Charlie: But for the casual person who is just simply watching videos online, who don’t have this technology to be able to detect deep fakes—and we’ll talk about that in a minute. But the videos that I’m watching today are very believable, very believable. You know one other thing that I initially thought of in the use of deep fakes would be again we talked about President Obama, you know world leaders saying things that didn’t really occur, things like that. But that doesn’t appear to be the case. What I read was that there’s a very high degree of deep fakes in the pornography industry—

Ilke: Yes.

Charlie: And maybe that might be the biggest use, perhaps, today of deep fakes. How do you speak to that?

Ilke: I think there was a 2019 a report that was saying that more than 96% of deep fakes appear in adult content, and you know if there is some technology that is going, you can see its future by how it is used for adult content [laughs]. So I think deep fakes like with the example of that, like when it is blooming there, it means that it will bloom in other parts of the population, so mostly like making non-people do unexpected things is what deep fakes is for, and especially for adult content. But it’s not only for like celebrity impersonation or defamation etc., it is also coming as a nonintentional cause. So for example if your data set has so many nudes for some specific category or some specific gender or specific race, then the images that you are generating from that data set, from the network that was trained on that data set, will come as nudes. I think there was a recent article about—you know there is a popular stylization app called Lensa AI, I guess. So one person was very upset with it, saying that I did not give any nude photos to the app for stylization, but all of the photos that came from that was nudes, and like I was so shocked that without my consent it is creating nudes. There was also another app—not an app but a telegram bot—that’s with a small amount of money, they were sending the nude version of any photo that you sent—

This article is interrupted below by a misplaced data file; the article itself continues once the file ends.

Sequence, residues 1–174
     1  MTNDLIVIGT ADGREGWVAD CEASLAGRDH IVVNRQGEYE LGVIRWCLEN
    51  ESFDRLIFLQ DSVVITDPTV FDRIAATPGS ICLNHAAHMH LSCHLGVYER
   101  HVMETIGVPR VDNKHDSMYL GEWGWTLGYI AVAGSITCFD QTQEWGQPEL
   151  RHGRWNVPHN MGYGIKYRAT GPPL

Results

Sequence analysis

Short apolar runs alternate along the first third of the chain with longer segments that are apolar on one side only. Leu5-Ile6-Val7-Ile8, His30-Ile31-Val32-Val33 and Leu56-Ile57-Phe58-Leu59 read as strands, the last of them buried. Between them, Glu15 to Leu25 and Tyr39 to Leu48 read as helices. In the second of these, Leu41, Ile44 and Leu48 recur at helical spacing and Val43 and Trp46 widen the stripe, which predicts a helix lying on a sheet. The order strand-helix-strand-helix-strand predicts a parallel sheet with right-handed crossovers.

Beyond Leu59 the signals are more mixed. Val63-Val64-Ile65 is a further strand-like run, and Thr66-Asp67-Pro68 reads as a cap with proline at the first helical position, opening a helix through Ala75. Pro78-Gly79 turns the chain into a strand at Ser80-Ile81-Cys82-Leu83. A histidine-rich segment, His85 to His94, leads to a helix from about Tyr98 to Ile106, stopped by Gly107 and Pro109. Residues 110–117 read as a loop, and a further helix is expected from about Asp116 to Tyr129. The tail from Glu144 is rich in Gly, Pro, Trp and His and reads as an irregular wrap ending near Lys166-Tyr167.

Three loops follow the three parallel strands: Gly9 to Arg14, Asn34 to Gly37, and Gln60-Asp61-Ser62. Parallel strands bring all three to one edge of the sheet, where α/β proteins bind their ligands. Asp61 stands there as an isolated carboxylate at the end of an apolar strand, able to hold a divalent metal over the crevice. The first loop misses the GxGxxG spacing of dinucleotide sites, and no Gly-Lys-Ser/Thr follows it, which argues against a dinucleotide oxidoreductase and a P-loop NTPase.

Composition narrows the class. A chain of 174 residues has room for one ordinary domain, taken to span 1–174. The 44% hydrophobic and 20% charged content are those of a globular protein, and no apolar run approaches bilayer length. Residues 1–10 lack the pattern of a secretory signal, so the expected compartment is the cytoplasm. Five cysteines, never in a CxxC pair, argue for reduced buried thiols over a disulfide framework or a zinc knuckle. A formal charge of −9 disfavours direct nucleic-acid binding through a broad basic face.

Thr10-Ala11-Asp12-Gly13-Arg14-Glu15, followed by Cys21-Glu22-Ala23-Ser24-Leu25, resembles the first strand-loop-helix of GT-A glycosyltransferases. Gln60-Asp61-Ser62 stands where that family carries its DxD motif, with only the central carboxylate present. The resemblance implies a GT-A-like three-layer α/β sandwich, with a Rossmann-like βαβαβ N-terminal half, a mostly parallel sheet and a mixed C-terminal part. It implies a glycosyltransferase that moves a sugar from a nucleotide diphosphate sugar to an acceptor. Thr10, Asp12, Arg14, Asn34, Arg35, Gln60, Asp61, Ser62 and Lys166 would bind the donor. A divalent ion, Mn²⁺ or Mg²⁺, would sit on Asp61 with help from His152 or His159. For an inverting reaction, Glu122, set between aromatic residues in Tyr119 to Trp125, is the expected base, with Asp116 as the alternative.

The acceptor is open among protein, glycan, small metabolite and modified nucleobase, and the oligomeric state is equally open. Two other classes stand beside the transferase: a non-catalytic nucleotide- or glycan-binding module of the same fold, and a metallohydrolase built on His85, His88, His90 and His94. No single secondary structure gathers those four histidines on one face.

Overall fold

Charlie: That’s right.

Ilke: It was reported that it was used to create more than 600,000 nude photos of women, which is like unbelievable. I don’t think we have that much data sets to train with—but like that bot actually used that many images. So that’s also putting more emphasis on what we said before, right? You don’t want to put your face anywhere so that people can use it for something, or you don’t want to put your photo anywhere that people can use it for something. Hopefully when like detection algorithms are mainstream, all of those apps, all of those like nudification, nonconsent, nonconsensual deep fakes, etc., will be found out in the deep dark web.

Charlie: You know the release of deep fakes can literally ruin a person—ruin their career, reputation, and things like that. It’s pretty far-reaching.

Ilke: And there is the other way around too, like if the release of some truthful, shameful video of someone is out there, they can say that oh, that’s not me. That’s a deep fake. And they can get away with it.

Charlie: Hmm. That’s true. I hadn’t considered that. I think our entire conversation has focused primarily on maybe the negatives of deep fakes, things like that, but there has to be a positive side and that’s always the balance I think in the world of technology. There’s always the good side and the bad side. There’s always a misuse but surely there are always some positive reasons to use this technology. I found a couple online myself—for example, being able to have one person speak in many languages to have a much wider audience. But you have some other examples of how this is being used in a positive way?